Dissertation Talk by Devin Petersohn: Dataframe Systems: Theory, Architecture, and Implementation; 3 PM, Monday, August 9

August 9, 2021

Title: Dataframe Systems: Theory, Architecture, and Implementation
Speaker: Devin Petersohn
Advisor: Anthony Joseph
Date: Monday, August 9, 2021
Time: 3:00pm – 4:00pm (Pacific Time)
Location (Zoom): https://berkeley.zoom.us/j/97869091687?pwd=SHd3UUl0amdzRjJNY0JTbWpvelQ0dz09
Meeting ID: 97869091687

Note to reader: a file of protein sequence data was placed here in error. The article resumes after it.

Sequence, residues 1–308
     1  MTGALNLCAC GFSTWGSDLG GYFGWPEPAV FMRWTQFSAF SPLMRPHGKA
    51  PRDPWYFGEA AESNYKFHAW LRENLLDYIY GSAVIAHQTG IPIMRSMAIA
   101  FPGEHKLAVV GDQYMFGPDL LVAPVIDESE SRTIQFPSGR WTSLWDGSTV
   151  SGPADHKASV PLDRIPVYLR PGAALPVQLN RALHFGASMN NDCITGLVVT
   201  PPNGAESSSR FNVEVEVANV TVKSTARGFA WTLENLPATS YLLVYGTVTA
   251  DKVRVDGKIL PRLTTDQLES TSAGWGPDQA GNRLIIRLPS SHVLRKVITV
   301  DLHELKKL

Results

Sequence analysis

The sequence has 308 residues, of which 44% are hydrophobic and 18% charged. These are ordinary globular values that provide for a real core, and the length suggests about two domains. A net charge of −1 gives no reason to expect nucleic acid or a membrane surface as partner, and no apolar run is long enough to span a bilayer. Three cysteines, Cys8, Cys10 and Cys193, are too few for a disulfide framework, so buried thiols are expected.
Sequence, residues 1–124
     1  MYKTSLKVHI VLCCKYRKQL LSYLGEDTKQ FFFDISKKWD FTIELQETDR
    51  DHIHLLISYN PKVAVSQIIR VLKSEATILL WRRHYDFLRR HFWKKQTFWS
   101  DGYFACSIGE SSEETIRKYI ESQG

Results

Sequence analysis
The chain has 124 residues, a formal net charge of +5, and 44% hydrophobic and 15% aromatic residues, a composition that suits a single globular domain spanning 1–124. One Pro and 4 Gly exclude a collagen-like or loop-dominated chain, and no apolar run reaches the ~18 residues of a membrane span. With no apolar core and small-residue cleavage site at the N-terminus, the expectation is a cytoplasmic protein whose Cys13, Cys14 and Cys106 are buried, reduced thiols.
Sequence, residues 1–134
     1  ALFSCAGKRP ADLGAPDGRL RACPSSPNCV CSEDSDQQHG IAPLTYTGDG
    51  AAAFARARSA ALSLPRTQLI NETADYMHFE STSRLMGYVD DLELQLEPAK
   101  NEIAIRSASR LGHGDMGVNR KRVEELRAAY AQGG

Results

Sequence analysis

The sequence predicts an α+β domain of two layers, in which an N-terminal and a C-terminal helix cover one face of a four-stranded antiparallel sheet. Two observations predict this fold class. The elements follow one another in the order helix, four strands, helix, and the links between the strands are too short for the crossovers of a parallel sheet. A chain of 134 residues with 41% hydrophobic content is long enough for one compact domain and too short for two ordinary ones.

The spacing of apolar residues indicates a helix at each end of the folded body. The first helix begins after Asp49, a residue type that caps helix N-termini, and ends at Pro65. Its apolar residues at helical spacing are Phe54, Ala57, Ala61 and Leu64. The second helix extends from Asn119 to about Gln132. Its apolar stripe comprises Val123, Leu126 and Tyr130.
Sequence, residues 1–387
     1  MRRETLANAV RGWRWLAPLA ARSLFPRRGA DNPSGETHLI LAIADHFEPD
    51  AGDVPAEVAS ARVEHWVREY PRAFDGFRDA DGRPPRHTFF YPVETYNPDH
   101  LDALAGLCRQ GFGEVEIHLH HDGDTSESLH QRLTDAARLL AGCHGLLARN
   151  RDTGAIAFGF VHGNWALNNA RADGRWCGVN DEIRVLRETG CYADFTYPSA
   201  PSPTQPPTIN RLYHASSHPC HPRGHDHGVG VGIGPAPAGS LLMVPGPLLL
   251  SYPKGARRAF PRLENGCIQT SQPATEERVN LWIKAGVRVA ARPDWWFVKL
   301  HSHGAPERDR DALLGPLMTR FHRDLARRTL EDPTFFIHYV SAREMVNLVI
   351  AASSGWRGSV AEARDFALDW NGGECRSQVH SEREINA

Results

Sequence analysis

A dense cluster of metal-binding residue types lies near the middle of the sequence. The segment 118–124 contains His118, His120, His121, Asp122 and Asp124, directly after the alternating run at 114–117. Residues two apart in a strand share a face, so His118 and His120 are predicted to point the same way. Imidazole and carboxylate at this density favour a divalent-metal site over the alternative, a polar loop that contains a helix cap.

Dataframes are a popular abstraction to represent, prepare, and analyze data. Despite the remarkable success of dataframe libraries in R and Python, dataframes face performance issues even on moderately large datasets. Moreover, there is significant ambiguity regarding dataframe semantics. In this thesis, we discuss the implications of signature dataframe features including flexible schemas, ordering, row/column equivalence, and data/meta-data fluidity, as well as the piecemeal, trial-and-error-based approach to interacting with dataframes. While most modern systems aim to scale dataframe workloads by changing properties of dataframes – or by adding new distributed systems knowledge requirements– we believe it is important to support scalable ops on dataframes without changing their semantics. This thesis takes a ground-up approach towards scaling dataframe systems,starting with a formal data model and algebra, and ending with a reference implementation. This implementation, Modin, has already accumulated a significant amount of community support: over 6,000 GitHub stars and over 1 million installs to date. This interest shows the need for systems that solve modern data science problems without changing semantics. Included in this thesis are several of our insights into how to build systems for data scientists and what data scientists prioritize. We believe these insights were instrumental in unlocking the interest and support from the community in our open source work.